I approached the problem (as Porsche did) by using lighter weight components; Carrera 6 non-adjustable forged rocker arms with lash caps on the valve stem, Factory Titanium retainers, and more. This allowed the valve train to run 8500 RPM and more without ever a malfunction still using stock springs and settings. Yes, if it went to 9000 accidentally, I could see a shadow of the valve on the piston. If there was contact it was slight and full circle, never a bent valve.

Standard street 911 valve train will handle 7300 just fine every shift, occasionally 8000 and possibly some more. When someone “buzzes” their engine by putting it in the wrong gear that may be 9,000 or a lot more. With low compression pistons, they are sure to bend valves or worse.

I think the best investment is in proper stock or improved shift linkage to prevent any problem in the first place. Perhaps lots of track time and DE events. In almost 40 years, I have never put a Porsche in the wrong gear.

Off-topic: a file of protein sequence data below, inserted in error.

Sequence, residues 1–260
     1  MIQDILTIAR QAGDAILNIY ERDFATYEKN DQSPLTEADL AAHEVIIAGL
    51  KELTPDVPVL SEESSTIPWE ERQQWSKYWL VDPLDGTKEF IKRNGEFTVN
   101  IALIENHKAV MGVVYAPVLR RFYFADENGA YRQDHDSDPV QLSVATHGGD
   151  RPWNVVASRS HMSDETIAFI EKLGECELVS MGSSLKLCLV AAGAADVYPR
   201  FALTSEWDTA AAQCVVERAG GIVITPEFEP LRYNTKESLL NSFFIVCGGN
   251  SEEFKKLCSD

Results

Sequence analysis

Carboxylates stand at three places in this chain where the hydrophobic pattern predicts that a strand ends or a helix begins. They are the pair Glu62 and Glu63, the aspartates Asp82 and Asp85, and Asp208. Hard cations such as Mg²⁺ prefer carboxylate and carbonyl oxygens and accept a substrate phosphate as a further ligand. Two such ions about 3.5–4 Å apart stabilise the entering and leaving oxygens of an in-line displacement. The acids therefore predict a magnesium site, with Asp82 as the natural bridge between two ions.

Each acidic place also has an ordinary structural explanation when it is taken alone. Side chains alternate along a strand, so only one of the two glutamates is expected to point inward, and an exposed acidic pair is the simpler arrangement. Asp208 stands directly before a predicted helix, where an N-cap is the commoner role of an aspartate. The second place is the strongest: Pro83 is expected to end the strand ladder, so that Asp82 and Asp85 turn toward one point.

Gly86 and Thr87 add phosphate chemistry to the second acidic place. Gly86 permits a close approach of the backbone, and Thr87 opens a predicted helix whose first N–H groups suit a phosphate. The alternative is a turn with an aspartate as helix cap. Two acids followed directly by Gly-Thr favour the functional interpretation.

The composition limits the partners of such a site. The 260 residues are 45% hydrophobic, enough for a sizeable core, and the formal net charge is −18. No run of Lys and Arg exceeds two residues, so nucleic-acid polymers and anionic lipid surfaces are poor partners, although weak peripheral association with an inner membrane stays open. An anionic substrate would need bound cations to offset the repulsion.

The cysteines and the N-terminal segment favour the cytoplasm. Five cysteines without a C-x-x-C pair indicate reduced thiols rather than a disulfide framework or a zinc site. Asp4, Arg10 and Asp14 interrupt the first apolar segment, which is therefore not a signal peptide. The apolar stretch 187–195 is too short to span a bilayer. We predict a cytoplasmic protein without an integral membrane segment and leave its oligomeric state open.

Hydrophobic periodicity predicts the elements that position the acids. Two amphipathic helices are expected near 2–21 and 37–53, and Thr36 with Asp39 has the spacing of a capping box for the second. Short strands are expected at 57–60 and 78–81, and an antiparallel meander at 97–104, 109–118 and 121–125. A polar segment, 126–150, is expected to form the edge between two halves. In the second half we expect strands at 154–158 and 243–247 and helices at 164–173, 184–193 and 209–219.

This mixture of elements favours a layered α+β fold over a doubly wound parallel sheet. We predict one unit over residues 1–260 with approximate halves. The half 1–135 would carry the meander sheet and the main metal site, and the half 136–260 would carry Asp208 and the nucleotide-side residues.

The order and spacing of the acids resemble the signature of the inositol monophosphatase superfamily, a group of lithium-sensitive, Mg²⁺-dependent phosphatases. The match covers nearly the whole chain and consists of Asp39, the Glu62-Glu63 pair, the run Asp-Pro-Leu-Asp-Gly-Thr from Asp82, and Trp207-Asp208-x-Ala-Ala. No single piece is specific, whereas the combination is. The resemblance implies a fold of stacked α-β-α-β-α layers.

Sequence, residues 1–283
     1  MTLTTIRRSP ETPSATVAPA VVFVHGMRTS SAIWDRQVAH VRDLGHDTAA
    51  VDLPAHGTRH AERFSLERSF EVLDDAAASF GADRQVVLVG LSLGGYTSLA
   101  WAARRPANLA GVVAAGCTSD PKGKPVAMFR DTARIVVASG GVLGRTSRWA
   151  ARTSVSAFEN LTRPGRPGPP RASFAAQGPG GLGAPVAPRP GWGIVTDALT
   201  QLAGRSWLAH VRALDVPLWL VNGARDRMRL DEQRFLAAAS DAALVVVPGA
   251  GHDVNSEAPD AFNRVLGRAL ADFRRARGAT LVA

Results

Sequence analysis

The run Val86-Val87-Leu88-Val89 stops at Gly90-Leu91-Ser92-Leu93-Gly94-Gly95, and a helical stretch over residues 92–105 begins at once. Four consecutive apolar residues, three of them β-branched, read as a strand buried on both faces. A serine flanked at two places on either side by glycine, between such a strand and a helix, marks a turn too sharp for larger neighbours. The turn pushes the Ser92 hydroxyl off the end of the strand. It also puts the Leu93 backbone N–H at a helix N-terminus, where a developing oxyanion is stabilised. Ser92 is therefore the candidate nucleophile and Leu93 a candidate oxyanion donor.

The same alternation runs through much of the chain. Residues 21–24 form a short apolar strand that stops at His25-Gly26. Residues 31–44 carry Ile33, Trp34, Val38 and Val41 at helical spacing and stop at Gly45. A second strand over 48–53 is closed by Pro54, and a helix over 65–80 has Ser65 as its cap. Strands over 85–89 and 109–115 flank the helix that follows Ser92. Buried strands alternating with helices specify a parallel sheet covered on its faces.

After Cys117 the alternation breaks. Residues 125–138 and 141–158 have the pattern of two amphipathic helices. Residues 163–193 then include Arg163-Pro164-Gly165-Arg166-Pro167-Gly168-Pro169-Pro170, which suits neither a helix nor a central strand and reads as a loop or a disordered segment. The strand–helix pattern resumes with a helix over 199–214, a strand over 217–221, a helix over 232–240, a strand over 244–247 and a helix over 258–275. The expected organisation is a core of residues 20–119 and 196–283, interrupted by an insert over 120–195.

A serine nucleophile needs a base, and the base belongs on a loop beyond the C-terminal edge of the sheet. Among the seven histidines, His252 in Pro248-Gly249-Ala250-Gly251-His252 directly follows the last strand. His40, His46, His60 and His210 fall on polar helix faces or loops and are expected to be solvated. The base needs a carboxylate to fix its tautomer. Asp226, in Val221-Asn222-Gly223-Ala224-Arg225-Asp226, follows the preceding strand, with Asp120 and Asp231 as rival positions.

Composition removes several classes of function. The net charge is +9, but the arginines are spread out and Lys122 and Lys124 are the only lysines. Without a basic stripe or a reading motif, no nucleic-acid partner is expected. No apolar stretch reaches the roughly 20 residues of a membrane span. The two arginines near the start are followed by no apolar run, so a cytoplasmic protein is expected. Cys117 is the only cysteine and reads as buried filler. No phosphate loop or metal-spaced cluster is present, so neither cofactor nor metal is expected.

The race valve train is expensive but worth every penny if you intend to run much above 7500.

Best,
Grady
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Old 01-23-2005, 02:10 PM
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From my research the SuperCup grind is the most aggressive cam that you can use with stock injection. I bought the cam and spring set from John (the camgrinder). He was very helpful and gave me great combo pricing. The profile is just slightly hotter than the Webcam 20/21 and significantly hotter than the 964 grind.

Not sure of how the profile compares to the RSR but I think the overlap and duration on the RSR is better suited to carbs and power concentrated in the upper rpms only.

I guess I maybe somewhat old school as my experience leads me to be a little on the safe side. These engines have valve to piston clearance that is tight even in stock form. This car is to be a week-end runner and playtoy. I like the extra insurance because I've missed shifts at one time or another in everything I've beat on!!